Shelter program donates lodging to those in need

By Tammy Sholer

Public Action to Deliver Shelter (PADS) is a program which allows NIU students, the DeKalb community and area visitors who have no place to stay spend the night at various DeKalb and Sycamore churches.

Kathy Black, PADS member, said PADS is run entirely by volunteers from NIU and the surrounding area. Gloria Rubel, coordinator for the Newman Center program, said PADS offers “a warm evening meal, a clean bed to sleep in and breakfast in the morning.”

ubel said the program began Sept. 16, 1986, and it will continue until April 15, 1987. She said the progam was carried over from a similar 9-year program in Aurora.

There are several different location sites where PADS houses people. On Monday, people can stay at the United Methodist Church of Sycamore and on Tuesday nights in the Salem Lutheran Church, also in Sycamore, Black said.

Black said Thursday night people can stay at the Newman Center in DeKalb, Friday night people can stay at the Hillcrest Covenant Church in DeKalb, and Saturday nights are held at St. Mary’s Catholic Church in Sycamore.

There is not, however, a site for Wednesday nights or Sunday nights, in which case, homeless people can stay at a hotel, Rubel said. Funding for hotel accommodations comes from individuals and church collections, she said.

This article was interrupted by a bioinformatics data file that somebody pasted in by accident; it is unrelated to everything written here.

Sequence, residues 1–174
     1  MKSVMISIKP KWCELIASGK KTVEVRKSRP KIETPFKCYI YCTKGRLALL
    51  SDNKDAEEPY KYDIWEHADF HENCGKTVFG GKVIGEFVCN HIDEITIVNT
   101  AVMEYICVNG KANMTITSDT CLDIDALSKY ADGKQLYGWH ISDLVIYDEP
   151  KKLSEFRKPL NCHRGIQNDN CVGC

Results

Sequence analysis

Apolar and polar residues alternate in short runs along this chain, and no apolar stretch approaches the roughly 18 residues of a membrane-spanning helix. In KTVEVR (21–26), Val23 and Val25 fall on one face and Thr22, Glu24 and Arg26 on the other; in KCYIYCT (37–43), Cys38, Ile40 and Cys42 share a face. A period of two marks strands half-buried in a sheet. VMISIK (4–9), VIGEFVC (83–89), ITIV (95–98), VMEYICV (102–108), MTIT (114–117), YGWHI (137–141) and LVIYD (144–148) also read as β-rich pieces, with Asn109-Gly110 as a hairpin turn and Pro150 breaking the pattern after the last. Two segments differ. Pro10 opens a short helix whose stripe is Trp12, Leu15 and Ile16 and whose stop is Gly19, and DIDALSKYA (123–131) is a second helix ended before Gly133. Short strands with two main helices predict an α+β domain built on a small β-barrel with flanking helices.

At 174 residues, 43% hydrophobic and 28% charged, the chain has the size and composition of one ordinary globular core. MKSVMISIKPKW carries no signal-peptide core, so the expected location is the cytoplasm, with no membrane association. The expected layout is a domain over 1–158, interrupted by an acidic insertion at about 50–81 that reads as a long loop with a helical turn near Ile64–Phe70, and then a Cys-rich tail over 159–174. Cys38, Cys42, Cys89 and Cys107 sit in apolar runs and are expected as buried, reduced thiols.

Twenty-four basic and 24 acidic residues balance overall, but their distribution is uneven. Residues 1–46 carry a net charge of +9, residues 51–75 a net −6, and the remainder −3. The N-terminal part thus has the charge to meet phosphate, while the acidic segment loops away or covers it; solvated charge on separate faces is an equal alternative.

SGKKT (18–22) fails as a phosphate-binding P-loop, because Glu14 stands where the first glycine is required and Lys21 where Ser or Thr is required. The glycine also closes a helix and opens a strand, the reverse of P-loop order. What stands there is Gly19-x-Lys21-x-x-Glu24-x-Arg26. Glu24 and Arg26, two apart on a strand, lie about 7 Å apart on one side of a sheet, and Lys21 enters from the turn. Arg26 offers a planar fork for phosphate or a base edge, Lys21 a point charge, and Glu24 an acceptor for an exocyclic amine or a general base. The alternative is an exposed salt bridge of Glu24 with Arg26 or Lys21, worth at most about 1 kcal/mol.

Several NIU students stayed at the Newman Center when the WNIU-FM tower was on the verge of falling over in November, Black said. In addition, there are three to four regulars who eat dinner and spend the night, she said.

ubel said there are four rules which must be followed in order to stay at a site, including “no alcohol or drugs, no weapons and no fighting or disorderly conduct.” In addition, she said if someone leaves, they cannot return that evening.

ubel said there have not been any problems with the rules being disobeyed. Instead, people appreciate the program, she said. She said if there is a problem, a coordinator in charge knows how to get in touch with the proper authorities.

“Even though the sites are in churches the program is not trying to push religion, but it is only offering hospitality,” Rubel said.

The doors are open from 7 p.m. to 7 a.m. at all the sites, Black said. Rubel said there are two shifts, one from 7 p.m. to midnight and one from midnight to 7 a.m. It is hard to get volunteers for the second shift because students have to go to classes, Rubel said. Black said she likes to see people spend the night, but she also hopes they have another place.